To London, yesterday, to see a small but fine exhibition by @small_media on what it is like to live with Internet censorship in Iran:
It was eye-opening to experience stories of a country where blogging can lead to death, where to have internet access faster than 128-Kbit (note: kilobits) requires a special government warrant, where in order to use a cybercafe requires the cafe owner to take a copy of your government ID-card, and where so many sites are blocked.
This latter we tested first-hand via a couple of Macs connected remote-desktop style to Windows systems in Iran, and just trying URL suggestions from a semi-random selection of Post-It Notes demonstrated the arbitrariness of the blocks – the Guardian and NPR are not blocked but neither is the United States Nazi Party; however various Iran-specific news sites and teeny little websites dealing in Gay/Lesbian issues are.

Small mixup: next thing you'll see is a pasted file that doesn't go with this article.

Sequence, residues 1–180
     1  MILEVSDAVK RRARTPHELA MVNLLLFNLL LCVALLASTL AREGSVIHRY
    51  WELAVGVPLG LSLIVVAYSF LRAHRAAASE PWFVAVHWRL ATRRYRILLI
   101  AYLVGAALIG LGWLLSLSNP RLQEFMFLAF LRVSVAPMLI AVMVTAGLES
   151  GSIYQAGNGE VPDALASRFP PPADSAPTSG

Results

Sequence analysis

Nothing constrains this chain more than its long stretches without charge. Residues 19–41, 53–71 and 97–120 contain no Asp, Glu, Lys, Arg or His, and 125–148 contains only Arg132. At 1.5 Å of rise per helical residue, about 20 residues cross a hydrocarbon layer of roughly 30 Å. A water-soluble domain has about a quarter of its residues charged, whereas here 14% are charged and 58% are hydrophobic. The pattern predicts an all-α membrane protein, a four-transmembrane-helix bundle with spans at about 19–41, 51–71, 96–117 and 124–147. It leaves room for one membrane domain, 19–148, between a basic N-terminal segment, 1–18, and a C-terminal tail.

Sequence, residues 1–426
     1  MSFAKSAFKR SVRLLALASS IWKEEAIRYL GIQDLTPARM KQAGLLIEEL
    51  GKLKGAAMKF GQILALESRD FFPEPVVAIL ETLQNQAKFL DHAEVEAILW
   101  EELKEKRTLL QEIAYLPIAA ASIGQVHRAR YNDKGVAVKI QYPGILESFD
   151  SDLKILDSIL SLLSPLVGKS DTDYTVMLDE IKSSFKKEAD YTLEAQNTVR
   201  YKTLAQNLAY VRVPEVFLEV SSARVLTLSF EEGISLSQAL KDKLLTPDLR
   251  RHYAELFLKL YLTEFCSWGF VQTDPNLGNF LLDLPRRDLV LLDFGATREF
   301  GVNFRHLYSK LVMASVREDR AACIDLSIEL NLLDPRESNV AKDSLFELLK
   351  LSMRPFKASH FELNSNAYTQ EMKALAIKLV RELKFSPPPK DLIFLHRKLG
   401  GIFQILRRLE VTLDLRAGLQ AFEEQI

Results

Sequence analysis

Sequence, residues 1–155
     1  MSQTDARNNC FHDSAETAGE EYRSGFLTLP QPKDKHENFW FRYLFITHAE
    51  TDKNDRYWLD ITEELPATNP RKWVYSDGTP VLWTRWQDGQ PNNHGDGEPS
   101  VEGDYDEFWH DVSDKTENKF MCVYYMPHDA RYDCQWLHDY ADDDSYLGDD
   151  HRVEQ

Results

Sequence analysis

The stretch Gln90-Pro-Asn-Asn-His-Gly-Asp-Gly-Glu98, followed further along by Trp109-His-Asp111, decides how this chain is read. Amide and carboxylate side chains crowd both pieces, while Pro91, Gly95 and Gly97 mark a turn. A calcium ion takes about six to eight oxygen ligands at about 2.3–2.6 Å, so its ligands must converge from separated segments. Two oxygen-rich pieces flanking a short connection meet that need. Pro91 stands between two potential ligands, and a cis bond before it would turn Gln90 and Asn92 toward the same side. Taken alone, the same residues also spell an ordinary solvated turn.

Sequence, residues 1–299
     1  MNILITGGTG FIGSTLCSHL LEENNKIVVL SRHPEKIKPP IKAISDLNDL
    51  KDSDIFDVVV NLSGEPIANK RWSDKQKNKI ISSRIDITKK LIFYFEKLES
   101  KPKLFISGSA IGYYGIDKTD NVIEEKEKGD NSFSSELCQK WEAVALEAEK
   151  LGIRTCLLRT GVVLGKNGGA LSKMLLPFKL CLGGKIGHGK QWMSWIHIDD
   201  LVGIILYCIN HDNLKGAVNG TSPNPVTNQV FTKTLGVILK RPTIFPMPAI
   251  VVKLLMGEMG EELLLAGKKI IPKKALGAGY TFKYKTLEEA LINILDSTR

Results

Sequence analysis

So we had a little competition: the post-it notes for every blocked websites were hung on a network of strings suspended from the ceiling, and the team which discovered the greatest number of blocked websites won some nougat.
The strings filled up quite fast.
Also web-usage was a bit like 1999 all-over-again; forget about HD video when… you… are… still… waiting… for… a… 1024… by… 768… image… to… load.
And very fucked up.
In fact the only positive thing that can be said for the Iranian Internet Censorship Regime is that their mandatory data retention period is only 6 months, between a half and a quarter of that which is proposed in the UK/Europe.